Welcome back readers, and a big welcome to the first topic from Topic List #20! Being a Better Writer sure has come a long way since 2013, when it was largely (and effectively) the equivalent of message-board posts responding to fan messages asking writing questions, hasn’t it? Maybe in August of 2023 I should do a ten-year special of some kind. Thankfully, I’ve got a year to think about it. But that does sound like fun.
Ten years of Being a Better Writer in 2023. Sands and Storms, that’s a lot of content. Of course, it didn’t start being weekly. Originally it was just a response to a message asking for writing advice. But the one response inspired more people to send in their writing questions and then before long I was getting a few messages a week, and I started making a list, and the posts started to become regular …
That was nine years ago, and things have definitely changed. The initial “boom” of writing questions died down, though I still get the occasional request through Discord these days or on on the Topic Call posts. Being a Better Writer migrated off of its origin point and onto this site, which also became the main hub for my books and other materials. At the urging of a number of fans, I finally opened a Patreon that, to this day, helps keep the site entirely advertisement free—no pop-ups or intrusive ads over the text here! Being a Better Writer has been sourced, quoted, and cited everywhere from Wikipedia to major education systems, collegiate and public.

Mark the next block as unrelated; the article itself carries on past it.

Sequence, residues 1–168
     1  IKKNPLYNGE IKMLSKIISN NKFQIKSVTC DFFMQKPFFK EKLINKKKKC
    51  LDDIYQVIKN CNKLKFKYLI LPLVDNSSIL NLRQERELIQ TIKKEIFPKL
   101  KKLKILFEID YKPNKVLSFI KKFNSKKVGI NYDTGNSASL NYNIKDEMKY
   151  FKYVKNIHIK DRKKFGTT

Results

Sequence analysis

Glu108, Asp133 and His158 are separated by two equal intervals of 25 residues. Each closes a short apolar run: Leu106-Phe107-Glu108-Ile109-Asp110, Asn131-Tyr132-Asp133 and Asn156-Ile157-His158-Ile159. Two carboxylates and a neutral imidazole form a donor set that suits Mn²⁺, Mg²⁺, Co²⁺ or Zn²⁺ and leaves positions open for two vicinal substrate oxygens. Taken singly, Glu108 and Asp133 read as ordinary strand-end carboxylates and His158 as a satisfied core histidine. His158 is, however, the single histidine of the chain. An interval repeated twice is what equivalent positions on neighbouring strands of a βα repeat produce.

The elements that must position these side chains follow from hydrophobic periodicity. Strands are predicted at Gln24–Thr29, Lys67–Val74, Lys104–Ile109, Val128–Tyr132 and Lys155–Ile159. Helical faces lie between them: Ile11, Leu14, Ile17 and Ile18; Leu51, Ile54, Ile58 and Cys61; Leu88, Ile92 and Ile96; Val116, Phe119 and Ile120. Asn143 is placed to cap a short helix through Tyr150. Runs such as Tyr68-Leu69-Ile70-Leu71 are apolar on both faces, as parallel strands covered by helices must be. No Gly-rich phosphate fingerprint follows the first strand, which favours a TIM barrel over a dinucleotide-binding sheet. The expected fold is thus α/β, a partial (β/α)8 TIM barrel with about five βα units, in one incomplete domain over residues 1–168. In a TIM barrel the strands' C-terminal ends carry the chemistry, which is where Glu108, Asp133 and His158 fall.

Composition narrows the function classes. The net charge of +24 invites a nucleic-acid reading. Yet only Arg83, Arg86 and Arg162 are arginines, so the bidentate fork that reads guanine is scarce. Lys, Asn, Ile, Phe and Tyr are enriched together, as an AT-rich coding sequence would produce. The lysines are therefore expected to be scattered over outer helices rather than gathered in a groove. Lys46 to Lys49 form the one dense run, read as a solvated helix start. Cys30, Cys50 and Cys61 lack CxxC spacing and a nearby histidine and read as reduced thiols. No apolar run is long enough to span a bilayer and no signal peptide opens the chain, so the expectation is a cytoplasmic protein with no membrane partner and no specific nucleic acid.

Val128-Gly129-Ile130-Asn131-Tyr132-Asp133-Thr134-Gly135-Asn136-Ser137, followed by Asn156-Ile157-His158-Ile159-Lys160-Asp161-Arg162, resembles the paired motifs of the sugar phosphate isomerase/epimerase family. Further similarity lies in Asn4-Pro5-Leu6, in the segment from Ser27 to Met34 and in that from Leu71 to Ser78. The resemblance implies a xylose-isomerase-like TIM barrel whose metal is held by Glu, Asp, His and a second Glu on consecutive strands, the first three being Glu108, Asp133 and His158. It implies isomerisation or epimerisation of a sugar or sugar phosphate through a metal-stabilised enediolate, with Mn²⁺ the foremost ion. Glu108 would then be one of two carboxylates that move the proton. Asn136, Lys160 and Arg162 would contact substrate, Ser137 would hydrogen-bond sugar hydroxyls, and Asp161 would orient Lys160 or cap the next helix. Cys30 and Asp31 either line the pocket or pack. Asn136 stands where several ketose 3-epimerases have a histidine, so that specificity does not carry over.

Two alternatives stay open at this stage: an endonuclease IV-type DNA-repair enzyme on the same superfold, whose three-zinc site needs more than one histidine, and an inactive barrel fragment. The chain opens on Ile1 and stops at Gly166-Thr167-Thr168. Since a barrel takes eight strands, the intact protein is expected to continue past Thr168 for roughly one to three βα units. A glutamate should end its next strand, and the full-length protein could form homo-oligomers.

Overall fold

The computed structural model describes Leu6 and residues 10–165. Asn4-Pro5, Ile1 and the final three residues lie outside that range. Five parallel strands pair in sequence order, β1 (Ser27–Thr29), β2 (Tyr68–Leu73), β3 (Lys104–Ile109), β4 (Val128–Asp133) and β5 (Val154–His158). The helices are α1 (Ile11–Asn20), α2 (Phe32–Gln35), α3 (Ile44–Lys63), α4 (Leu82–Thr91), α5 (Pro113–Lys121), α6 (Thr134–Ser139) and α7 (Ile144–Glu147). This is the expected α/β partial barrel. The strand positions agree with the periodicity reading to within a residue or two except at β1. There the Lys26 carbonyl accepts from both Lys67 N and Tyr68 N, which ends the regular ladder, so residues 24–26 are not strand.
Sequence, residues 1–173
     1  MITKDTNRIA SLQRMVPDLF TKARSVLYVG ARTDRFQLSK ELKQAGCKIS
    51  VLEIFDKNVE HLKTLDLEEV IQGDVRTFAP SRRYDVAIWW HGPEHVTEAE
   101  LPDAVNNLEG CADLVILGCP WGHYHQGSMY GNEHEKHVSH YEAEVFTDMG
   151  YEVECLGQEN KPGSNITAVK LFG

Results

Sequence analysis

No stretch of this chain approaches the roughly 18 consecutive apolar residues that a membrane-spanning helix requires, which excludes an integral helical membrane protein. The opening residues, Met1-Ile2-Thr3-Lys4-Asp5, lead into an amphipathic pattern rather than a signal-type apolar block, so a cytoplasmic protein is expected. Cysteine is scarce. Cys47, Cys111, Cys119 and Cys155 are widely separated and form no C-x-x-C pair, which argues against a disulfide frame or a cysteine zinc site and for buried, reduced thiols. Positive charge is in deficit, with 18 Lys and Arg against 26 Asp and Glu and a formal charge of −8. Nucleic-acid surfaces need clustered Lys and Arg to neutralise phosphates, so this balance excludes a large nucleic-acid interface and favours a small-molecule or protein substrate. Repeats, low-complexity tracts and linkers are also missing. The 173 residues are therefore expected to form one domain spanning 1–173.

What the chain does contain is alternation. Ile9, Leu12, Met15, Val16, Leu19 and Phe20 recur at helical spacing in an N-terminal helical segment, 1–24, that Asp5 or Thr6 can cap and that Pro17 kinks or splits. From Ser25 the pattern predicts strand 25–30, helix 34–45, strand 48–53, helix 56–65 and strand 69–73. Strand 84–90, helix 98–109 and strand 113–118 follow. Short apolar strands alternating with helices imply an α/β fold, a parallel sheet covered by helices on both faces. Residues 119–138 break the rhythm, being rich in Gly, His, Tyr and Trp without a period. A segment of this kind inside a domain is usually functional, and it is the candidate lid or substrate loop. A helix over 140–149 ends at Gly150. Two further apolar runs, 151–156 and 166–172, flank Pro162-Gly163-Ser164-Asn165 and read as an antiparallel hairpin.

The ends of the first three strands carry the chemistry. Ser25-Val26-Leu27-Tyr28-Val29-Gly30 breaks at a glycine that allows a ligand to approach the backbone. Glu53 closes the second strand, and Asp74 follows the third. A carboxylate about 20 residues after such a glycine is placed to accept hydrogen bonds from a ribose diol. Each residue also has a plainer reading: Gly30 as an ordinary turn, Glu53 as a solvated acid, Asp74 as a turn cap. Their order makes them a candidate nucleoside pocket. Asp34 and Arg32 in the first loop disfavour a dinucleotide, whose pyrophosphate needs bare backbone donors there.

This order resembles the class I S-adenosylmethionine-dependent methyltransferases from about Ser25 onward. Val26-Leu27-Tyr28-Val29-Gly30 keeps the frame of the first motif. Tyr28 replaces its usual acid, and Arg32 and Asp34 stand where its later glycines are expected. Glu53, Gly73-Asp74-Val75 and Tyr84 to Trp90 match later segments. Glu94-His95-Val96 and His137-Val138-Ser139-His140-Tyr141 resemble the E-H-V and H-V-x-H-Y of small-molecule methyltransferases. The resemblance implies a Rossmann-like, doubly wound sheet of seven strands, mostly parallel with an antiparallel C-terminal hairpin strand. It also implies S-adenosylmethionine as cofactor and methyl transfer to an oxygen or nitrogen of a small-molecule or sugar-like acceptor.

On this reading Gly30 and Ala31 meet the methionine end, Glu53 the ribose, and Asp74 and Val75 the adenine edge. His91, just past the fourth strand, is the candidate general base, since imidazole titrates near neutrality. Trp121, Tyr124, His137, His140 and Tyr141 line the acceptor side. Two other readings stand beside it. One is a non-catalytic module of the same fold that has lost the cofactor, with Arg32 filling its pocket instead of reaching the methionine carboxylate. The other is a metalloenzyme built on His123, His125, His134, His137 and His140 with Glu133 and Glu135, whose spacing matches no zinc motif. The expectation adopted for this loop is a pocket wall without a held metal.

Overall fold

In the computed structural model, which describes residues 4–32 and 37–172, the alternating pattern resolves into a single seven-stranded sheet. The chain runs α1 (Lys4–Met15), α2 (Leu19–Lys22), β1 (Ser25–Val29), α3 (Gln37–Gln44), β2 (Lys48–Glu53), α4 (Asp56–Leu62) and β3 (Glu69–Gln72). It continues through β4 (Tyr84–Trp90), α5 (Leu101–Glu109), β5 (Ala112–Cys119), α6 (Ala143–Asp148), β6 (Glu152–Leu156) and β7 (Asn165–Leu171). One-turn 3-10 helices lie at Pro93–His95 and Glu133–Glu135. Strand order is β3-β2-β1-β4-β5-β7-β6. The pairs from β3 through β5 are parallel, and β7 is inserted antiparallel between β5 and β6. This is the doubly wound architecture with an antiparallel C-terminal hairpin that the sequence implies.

It’s come a long way.
Sorry, just sort of got nostalgic there with the whole start of Topic List #20. Side note, readers, but this is another Being a Better Writer post prepped and scheduled in advance, as I’m gearing up for a trip in May. Which … let me check my calendar … I haven’t departed on yet, I think, but hey, I’m getting this ready to go now.
Anyway, let’s talk about today’s topic, and step away from the reminiscing. Today’s topic is one most of you will likely recognize from a few weeks ago, when we talked about villains and how to make them deliver on their premise.
Well, one thing that came up over the course of that discussion was a small segment on the difference between a villain and an antagonist. The reason for that segment being that a lot of people—even critics—tend to use both terms interchangably. It’s not at all uncommon to see a review, for instance, refer to the villain of a piece as the “antagonist” or vice-versa.
But there’s a real problem with using these two terms interchangeably: They’re not the same thing. A villain is not automatically an antagonist, nor is an antagonist automatically a villain. As stated in the villain discussion, it’s like the old logic statement: Some villains are antagonists, and some antagonists are villains, but not all villains are antagonists, and not all antagonists are villains.
Worse, using them interchangeably like this is actually kind of harmful, as it blurs the lines for those who may not realize that there’s a very clear difference between the two identities. For a comparison, imagine a car magazine reviewing a new vehicle, but clearly treating rally cars as identical to rock-crawling cars, simply because both can traverse rough unpaved roads. Yes, both can, but they’re also very different kinds of cars.